Just for the record, this is totally me futzing around with my computers. That, and that we've decided when we move we want a very minimalist setup in the house. The wumin and I both work at home and will need to have easily convertible spaces.

Thanks a ton for the info, this'll be fun!
posted by saysthis at 7:58 PM on July 21, 2008


Well I can't be as creative bertrandom, unfortunately, but I can share my own experiences:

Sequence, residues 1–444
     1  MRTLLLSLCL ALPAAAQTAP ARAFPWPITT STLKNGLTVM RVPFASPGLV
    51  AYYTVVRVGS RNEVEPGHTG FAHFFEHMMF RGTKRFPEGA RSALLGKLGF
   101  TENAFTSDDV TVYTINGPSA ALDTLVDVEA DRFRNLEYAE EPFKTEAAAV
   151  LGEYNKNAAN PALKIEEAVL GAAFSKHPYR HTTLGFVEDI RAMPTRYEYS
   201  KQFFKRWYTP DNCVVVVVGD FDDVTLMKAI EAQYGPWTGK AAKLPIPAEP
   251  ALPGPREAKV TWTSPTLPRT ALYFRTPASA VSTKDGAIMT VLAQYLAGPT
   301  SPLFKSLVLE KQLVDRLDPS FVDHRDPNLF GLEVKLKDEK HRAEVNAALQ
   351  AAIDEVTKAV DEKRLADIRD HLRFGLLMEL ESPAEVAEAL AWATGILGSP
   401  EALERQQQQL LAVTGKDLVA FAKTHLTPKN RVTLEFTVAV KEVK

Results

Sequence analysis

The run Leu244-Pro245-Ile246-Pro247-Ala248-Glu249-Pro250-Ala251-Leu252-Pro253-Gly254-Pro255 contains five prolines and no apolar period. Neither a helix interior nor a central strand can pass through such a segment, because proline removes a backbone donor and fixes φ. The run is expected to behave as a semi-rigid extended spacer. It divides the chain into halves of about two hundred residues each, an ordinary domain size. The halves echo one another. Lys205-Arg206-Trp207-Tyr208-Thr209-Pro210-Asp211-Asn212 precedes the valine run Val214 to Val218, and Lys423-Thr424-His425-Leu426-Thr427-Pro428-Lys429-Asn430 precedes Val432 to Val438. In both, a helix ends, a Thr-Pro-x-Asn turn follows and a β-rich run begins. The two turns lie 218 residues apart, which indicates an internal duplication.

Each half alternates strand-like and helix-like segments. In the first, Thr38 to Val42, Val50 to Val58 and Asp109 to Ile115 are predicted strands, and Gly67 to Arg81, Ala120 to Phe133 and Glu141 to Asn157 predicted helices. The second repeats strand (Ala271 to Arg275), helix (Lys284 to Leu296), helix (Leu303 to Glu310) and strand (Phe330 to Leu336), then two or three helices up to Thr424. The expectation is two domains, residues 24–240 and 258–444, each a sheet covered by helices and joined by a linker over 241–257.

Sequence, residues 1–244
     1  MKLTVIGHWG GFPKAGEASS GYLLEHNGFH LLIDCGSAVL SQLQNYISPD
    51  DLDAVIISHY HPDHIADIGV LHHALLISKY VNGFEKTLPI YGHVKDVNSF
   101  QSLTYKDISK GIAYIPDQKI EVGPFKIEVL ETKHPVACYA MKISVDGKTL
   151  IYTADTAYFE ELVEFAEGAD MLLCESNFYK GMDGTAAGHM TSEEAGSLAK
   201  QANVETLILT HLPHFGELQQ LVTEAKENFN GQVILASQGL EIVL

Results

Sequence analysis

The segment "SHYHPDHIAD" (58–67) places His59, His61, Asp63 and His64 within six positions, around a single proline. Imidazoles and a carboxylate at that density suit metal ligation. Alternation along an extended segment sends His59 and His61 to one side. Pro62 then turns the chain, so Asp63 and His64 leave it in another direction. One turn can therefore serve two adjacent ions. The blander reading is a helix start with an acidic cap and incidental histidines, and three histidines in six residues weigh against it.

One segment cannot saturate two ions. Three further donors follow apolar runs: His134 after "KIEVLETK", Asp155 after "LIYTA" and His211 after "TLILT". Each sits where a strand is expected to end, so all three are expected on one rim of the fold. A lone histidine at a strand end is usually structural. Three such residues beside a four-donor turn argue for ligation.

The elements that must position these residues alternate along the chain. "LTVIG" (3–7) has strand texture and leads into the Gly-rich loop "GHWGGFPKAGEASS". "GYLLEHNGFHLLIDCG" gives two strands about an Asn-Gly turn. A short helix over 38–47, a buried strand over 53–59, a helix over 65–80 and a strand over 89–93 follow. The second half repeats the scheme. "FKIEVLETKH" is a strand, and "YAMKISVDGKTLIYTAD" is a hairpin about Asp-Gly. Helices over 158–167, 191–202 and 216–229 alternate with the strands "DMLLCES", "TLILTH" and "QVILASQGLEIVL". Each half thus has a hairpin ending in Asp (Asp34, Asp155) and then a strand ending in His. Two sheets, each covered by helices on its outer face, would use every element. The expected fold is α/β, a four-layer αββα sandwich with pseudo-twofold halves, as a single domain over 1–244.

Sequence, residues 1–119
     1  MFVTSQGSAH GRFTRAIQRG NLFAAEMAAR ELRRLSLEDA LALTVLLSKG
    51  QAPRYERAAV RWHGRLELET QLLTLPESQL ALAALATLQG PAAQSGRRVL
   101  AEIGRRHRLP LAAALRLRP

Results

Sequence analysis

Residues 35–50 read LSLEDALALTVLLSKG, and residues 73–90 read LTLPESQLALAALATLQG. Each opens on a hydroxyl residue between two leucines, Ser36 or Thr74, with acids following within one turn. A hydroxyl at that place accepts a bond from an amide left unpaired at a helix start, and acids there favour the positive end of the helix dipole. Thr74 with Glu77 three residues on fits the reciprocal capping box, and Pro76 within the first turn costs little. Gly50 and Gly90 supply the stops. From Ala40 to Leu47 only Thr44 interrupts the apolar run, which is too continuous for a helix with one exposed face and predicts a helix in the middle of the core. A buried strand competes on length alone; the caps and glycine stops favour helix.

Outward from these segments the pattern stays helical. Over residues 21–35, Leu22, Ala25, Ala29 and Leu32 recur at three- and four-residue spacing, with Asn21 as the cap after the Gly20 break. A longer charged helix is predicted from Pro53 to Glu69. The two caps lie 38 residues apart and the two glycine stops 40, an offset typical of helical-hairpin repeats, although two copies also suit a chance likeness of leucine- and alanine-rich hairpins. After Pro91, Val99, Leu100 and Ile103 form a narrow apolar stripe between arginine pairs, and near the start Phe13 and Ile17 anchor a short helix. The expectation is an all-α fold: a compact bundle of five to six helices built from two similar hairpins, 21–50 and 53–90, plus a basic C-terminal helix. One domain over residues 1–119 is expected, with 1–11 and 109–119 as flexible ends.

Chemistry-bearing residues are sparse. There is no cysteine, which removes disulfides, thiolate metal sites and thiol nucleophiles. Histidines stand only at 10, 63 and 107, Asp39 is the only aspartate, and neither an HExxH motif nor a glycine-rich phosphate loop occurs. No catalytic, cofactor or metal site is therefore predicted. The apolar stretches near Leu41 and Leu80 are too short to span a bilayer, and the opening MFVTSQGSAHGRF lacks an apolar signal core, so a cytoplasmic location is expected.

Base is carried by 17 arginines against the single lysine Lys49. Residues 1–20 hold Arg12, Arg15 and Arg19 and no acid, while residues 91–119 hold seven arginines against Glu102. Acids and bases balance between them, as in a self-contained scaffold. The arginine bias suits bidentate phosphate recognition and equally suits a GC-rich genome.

- Bought a rack sever off eBay on the cheap. Put 1.5TB in it. NAS solutions are great for expanding, but I wanted the server to also be my acquisition system (put torrent/nzb file in shared folder, it automatically takes care of it). Also you can get a process down and not have to worry about that latest thing you installed breaking it, because this is a server and your latest things go on your workstation. I highly recommend Win2003 as it just works, and is incredibly solid. I say this as someone who has built Debian boxes. Unless this is a hobby stick to the philosophy of "how do I get this done the fastest."